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Vascular Plants of California
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Salix lasiandra var. caudata
TAIL-LEAF WILLOW


Higher Taxonomy
Family: SalicaceaeView DescriptionDichotomous Key
Common Name: WILLOW FAMILY
Habit: Shrub, tree; dioecious (monoecious). Stem: trunk < 40 m; wood soft; bark smooth, bitter; buds scaly. Leaf: simple, alternate, deciduous; stipules generally present, deciduous or not, often large. Inflorescence: catkin [or various, or flowers 1]; each flower subtended by 1 bract. Flower: perianth modified into non-nectariferous, cup- or saucer-shaped structure or reduced to adaxial nectary (rarely also with abaxial nectary, then free or fused into shallow cup). Staminate Flower: stamens 2--many. Pistillate Flower: pistil 1, ovary superior to 1/2-inferior, chambers generally 2--4, placentas parietal, stigma lobes 2--4. Fruit: berry, drupe, or 2--4-valved capsule. Seed: often with basal tuft of hairs.
Genera In Family: 58 genera, 1210 species: widespread in tropics, northern temperate, arctic. Note: Now including many genera (e.g., Flacourtia, Idesia, Xylosma) formerly in Flacourtiaceae, at least in part because of presence on leaf margins in both families of salicoid teeth (vein extending to tooth tip). In California (and generally outside California), Populus pollinated by wind, Salix by insects, wind. Hybrids common; identification often difficult.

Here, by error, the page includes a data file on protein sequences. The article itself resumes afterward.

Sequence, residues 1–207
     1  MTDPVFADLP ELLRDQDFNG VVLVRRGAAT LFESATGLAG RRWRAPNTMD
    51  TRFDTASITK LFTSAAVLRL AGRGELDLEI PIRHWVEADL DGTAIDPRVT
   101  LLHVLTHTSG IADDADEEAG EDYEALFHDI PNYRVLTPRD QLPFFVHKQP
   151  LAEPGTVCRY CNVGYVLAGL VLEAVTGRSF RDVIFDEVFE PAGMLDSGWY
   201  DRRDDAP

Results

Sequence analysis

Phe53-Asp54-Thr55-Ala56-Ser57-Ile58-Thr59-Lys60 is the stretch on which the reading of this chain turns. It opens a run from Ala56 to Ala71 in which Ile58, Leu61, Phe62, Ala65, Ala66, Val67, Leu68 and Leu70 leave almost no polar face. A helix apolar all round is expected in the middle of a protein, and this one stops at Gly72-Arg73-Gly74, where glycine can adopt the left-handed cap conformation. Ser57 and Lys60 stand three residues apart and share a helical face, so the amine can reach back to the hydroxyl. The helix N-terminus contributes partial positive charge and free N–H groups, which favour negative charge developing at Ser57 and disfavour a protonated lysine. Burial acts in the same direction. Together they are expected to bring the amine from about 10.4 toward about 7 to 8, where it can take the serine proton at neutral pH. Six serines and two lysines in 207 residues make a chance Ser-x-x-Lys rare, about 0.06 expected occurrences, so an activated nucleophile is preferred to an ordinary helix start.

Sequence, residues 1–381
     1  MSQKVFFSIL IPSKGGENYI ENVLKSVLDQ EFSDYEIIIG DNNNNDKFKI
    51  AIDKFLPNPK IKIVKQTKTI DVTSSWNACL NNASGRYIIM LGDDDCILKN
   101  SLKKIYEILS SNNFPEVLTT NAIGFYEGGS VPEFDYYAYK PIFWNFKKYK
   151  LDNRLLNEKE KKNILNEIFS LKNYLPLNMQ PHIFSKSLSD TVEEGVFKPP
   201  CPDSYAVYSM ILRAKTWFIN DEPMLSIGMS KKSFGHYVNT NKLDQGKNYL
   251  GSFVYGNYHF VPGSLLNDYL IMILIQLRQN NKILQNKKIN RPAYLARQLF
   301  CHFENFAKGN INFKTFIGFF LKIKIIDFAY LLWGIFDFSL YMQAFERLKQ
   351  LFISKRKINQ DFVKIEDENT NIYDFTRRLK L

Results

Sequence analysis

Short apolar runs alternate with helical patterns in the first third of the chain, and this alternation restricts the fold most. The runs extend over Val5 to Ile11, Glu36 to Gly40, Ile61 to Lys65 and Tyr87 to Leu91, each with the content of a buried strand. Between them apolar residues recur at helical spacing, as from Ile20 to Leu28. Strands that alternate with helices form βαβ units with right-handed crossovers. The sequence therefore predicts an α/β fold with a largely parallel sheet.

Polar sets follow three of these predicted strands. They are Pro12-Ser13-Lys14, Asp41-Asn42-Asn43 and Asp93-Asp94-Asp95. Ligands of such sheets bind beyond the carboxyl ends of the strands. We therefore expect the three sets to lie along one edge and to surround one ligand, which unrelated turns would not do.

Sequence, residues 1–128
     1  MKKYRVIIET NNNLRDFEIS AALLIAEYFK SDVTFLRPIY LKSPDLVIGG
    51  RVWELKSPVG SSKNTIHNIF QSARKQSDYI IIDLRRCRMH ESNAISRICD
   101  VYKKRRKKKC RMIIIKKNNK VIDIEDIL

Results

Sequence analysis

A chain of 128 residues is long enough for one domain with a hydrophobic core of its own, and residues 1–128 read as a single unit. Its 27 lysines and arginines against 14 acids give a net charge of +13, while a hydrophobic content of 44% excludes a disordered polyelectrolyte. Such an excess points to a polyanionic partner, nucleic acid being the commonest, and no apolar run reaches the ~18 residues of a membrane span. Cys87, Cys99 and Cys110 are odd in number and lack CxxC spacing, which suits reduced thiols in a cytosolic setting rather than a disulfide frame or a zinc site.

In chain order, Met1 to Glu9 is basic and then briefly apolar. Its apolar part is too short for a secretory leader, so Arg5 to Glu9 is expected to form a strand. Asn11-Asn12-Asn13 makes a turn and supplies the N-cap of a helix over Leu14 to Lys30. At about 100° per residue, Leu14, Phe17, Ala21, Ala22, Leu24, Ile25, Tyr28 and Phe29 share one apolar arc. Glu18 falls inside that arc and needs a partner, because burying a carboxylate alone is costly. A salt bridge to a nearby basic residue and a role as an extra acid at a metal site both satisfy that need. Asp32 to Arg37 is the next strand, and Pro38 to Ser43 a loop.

eFlora Treatment Author: John O. Sawyer, Jr., except as noted
Scientific Editor: Thomas J. Rosatti.
Genus: SalixView DescriptionDichotomous Key

Common Name: WILLOW
Habit: Shrub, tree; dioecious; bud scale 1, not sticky, margins generally fused (or free, overlapping). Stem: twigs generally flexible, generally not glaucous. Leaf: generally alternate; stipules generally vestigial on first leaves, leaf-like on later; mature blade linear to broadly obovate, entire to toothed, generally +- hairy; petiole glands generally 0. Inflorescence: catkin, blooming before, with, or after leaves, sessile or terminating +- short leafy or bracted shoot ("on leafy shoot" or "on bracted shoot," "catkin length" including leafless or bractless part of subtending shoot); 1 flower bract subtending each flower, deciduous or persistent, brown, black, or 2-colored (paler proximally, darker distally; darker generally +- brown). Flower: perianth reduced to adaxial nectary (rarely also with abaxial nectary, then free or fused into shallow cup). Staminate Flower: stamens (1)2(10); nectary generally 1. Pistillate Flower: ovary stalked or sessile, style generally 1, stigmas 2, each 2-lobed, deciduous or persistent; nectary generally 1, generally rod-like. Fruit: valves 2.